Also, conventional English sentences restrain our “freedom” as much as the formal requirements of realist fiction broadly conceived, as do, more narrowly, the novel or short story forms. There are reasons he might choose, say, the novel form to cast his narratives in, as opposed to long poems in dactylic hexameter, and “freedom” is low on that list; awareness of his audiences, I imagine, is much higher.

    So he’s not only willfully about children’s literature, he’s also willfully ignorant (or purposely Romantic) about the nature of writing itself. Which is all to say, “Yes, Joe SS,” you’re absolutely right.

    This all brings to mind Raymond Queneau’s characterization of the Oulipo, which he co-founded: Oulipians are “Rats who build the maze from which they will try to escape.” The best writers–or, better, the ones I find most interesting–are those who are aware of the constraints that make any art possible, work within those constraints complexly, and even engineer additional constraints which they follow rigorously. Freedom? Bah!

  8. Reply

    This is just an example of how very clever people think they’re perfectly justified in despising our subject openly. At every Formal dinner I go to there’s always one of them and it gets tiring to have to justify myself that I’m doing children’s lit. The other day it was a smug Pharmacologist who asked me slowly and smilingly (he probably thought I had brain damage) for an interpretation of Enid Blyton’s books. And then: ‘So how did you end up doing this then?’ as if all paths in life that didn’t lead to Pharmacology were mysteriously deviant.

    So even within academia…

  9. Reply

    Please imagine that the sixth word of the first sentence of my penultimate paragraph above is “ignorant.” The seventh word, then, would be “about,” the eighth “children’s” and so on. In essence, I’m asking you to insert the word “ignorant” between the words “willfully” and “about,” a formulation that is probably clearer–yet less fun to write–than what I’ve offered in the first two sentences of this post. If you’re into clarity and brevity, then, please, ignore this first paragraph and fix your attention to the language following the colon at the end of this sentence:

    In my comment above, please insert the word “ignorant” between the words “willfully” and “about.” You’ll find those two words, back to front, in first sentence of the penultimate paragraph. Of course, you can’t actually revise the sentence in question, so you’ll have to rely on your imagination. When rereading (if you find yourself compelled to do so) the language in question–the first sentence of the third paragraph of my previous comment–keep the instructions above in the back of your mind. When you arrive at the second-to-last paragraph (previously referred to as the “penultimate” or “third” paragraph), think quietly to yourself, “Ah! Here comes the mental edit Joseph remarked on in his second comment.” Then begin reading said sentence, aware that when you come across the word “willfully” you should pause, think the word “ignorant,” and then continue reading in the conventional fashion. You’ll find, I think, that making this correction will clarify the meaning of my previous post while also providing you some degree of personal satisfaction. If you don’t feel any satisfaction from making the correction, remind yourself how perfectly you followed these instructions. That will do the trick. Satisfaction guaranteed.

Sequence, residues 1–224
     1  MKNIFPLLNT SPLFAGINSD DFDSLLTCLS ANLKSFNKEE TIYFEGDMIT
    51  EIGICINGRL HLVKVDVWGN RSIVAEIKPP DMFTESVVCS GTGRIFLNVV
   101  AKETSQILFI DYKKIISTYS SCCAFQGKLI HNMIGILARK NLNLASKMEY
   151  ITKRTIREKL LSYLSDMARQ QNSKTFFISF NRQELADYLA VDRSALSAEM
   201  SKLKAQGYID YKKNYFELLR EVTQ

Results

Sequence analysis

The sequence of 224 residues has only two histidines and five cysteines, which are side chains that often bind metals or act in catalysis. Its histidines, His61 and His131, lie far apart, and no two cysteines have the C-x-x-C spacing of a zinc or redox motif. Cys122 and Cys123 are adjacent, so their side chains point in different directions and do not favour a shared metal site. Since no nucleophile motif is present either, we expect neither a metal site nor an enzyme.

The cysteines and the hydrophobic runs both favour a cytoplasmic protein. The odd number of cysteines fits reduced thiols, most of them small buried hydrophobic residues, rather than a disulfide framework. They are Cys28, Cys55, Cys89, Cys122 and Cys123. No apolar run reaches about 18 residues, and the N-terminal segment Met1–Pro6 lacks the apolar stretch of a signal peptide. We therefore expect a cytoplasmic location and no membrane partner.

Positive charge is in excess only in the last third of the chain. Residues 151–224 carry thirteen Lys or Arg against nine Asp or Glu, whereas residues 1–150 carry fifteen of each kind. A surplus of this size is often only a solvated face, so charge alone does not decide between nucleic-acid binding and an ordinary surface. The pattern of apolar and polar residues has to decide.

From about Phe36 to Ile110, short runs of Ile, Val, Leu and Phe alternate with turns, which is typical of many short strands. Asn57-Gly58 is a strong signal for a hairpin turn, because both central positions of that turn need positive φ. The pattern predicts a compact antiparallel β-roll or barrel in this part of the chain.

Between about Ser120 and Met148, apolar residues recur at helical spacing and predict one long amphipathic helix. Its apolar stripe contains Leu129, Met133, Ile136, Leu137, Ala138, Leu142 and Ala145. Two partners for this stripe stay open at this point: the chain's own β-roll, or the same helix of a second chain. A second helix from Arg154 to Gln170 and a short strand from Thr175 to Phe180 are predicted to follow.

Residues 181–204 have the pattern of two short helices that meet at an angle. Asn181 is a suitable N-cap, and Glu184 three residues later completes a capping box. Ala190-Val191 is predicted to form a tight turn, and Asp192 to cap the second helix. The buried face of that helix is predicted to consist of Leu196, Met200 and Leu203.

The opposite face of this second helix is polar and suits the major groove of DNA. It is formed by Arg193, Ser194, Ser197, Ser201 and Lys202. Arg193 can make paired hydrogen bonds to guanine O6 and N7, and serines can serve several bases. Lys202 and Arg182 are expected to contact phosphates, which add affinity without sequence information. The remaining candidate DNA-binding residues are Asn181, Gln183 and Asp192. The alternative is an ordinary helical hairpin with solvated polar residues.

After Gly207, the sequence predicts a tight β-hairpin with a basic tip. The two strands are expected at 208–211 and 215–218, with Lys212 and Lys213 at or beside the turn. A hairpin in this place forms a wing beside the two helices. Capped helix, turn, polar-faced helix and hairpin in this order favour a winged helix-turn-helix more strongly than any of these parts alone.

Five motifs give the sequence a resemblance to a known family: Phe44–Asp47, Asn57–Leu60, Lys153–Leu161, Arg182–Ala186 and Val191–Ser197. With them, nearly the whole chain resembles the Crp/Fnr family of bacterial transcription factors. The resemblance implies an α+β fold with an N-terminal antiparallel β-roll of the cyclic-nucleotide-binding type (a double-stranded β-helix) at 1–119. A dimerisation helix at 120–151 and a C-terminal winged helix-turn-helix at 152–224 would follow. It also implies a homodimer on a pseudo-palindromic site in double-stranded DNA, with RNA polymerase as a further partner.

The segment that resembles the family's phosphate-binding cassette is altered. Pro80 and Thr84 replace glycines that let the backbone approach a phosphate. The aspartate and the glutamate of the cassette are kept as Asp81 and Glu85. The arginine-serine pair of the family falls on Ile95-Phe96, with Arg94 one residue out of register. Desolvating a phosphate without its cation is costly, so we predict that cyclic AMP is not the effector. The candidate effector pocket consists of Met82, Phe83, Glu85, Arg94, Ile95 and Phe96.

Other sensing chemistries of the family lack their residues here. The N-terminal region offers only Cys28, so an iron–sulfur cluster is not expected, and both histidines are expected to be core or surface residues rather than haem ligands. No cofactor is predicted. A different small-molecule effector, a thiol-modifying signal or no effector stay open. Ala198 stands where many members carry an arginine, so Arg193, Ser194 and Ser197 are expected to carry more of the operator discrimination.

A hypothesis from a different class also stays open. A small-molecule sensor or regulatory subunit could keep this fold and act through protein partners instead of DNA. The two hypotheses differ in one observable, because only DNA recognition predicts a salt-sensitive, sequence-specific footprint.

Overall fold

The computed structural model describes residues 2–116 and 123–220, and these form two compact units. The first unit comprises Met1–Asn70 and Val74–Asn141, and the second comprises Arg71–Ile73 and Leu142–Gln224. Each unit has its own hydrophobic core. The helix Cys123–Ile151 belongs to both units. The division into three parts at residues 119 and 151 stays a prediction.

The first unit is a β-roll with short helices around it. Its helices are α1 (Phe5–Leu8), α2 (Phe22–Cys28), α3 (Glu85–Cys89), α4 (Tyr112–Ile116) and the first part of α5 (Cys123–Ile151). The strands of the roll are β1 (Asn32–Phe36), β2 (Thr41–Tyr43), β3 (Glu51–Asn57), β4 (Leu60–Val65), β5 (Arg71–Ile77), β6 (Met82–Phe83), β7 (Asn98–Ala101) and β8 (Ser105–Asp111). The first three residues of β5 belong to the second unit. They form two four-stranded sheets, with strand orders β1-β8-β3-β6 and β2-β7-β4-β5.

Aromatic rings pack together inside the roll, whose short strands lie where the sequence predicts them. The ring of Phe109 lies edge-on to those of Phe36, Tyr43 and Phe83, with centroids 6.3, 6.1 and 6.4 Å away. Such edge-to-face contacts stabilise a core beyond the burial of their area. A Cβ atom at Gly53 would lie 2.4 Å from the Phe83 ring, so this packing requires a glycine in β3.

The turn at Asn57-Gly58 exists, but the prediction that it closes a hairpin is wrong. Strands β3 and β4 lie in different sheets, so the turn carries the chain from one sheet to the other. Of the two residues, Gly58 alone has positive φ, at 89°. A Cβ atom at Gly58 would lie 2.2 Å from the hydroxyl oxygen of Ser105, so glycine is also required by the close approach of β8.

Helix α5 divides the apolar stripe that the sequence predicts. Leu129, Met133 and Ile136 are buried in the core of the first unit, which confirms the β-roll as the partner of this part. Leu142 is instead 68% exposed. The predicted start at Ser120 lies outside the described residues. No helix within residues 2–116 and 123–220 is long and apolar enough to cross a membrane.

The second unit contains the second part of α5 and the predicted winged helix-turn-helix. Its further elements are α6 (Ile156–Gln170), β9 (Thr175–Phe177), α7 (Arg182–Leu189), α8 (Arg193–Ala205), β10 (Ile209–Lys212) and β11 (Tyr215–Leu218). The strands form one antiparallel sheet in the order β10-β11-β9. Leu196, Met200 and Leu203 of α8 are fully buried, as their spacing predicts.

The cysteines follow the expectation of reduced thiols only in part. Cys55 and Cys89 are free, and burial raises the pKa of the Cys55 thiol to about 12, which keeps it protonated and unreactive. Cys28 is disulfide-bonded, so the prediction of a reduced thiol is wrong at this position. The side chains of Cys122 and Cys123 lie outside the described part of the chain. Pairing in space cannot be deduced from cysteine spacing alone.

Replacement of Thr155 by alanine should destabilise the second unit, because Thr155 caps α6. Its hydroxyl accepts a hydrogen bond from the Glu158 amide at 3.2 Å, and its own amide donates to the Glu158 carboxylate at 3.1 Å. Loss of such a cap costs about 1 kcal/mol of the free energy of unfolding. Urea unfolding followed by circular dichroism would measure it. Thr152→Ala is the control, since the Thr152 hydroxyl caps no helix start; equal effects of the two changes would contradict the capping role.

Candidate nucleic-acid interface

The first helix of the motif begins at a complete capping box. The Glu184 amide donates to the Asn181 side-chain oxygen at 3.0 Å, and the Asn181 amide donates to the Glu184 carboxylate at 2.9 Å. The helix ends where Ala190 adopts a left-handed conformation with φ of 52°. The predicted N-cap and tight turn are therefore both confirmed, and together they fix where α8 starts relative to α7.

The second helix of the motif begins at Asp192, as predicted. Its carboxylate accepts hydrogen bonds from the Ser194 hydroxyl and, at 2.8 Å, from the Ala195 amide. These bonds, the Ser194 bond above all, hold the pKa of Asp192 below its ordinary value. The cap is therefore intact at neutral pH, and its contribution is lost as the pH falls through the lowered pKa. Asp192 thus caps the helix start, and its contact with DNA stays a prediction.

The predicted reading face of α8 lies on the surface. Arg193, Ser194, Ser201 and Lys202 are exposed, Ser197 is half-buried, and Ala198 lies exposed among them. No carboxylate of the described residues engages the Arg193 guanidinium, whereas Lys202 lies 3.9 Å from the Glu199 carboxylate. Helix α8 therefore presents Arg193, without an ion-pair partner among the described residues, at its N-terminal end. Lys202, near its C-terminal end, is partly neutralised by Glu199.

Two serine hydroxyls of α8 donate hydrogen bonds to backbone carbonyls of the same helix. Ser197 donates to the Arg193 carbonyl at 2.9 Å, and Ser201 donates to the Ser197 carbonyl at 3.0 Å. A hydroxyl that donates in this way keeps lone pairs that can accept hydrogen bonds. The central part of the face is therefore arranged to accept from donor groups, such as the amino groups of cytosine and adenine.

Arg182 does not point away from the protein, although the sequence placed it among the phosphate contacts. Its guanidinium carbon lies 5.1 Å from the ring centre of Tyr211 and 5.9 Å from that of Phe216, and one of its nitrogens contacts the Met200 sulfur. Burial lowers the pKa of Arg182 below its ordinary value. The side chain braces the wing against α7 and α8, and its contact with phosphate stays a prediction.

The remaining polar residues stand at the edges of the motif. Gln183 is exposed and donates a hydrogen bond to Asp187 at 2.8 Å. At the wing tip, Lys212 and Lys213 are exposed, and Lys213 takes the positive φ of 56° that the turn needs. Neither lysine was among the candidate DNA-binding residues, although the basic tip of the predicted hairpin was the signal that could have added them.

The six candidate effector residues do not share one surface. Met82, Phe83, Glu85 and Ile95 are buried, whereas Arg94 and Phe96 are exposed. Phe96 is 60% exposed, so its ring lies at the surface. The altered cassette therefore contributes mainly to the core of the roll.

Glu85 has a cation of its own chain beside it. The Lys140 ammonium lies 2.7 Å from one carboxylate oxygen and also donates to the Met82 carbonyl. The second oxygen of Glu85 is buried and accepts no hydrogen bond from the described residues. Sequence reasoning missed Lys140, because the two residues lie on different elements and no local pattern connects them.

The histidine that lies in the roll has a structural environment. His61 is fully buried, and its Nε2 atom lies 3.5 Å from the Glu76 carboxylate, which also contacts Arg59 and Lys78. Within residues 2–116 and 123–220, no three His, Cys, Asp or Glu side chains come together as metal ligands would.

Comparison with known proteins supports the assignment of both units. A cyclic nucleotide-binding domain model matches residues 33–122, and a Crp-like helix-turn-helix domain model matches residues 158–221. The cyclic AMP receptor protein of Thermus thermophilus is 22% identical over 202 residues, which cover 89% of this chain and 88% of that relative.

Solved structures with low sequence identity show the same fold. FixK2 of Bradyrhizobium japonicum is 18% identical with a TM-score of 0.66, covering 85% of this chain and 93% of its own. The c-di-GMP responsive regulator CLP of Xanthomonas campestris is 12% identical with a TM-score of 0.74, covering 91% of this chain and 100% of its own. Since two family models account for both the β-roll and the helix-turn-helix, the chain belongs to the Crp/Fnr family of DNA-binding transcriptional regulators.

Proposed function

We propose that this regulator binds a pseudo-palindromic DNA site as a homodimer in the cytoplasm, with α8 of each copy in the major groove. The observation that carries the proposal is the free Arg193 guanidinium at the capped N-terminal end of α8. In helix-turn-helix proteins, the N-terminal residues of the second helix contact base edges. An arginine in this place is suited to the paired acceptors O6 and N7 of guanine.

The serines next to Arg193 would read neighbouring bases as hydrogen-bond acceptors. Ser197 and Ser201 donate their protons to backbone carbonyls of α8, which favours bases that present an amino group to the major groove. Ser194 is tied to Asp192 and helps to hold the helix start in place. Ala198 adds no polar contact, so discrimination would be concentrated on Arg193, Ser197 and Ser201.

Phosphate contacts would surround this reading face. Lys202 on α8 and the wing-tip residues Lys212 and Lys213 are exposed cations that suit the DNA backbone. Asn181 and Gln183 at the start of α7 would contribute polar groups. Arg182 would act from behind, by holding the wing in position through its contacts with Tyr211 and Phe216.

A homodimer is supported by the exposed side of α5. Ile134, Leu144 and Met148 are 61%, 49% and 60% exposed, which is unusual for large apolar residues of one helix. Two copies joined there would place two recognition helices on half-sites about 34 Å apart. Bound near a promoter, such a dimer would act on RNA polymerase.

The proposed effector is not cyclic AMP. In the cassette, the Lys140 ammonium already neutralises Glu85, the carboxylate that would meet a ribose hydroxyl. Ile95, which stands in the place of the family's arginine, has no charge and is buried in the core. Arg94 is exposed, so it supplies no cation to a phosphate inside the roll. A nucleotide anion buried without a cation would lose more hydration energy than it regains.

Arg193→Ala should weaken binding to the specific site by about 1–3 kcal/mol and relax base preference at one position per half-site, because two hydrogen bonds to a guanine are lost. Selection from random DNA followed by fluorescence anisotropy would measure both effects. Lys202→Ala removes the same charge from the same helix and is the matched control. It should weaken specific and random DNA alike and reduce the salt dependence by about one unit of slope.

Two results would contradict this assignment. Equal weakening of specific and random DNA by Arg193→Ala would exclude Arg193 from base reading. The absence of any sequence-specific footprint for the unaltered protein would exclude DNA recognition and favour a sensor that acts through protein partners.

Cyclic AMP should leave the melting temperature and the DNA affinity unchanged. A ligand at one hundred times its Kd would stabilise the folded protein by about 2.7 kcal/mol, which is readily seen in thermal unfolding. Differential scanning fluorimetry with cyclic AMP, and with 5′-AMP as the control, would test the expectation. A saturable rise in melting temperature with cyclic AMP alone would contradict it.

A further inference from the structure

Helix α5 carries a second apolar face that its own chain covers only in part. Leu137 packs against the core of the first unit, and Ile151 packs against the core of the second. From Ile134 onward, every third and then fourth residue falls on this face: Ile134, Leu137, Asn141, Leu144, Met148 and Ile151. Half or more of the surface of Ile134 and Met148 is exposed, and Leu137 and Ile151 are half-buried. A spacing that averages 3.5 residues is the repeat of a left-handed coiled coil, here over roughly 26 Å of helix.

Okay, the correction following the colon at the end of the first paragraph of this comment isn’t what most of us would call brief, and, perhaps, it’s not very clear either. But this is a blog comment, and blogs (and blog comments) are held to a lower standard than other forms of written expression. They are (how can I put it?) “at a lower register” than other forms of prose, and, in that, are similar to children’s literature. So get off my back already!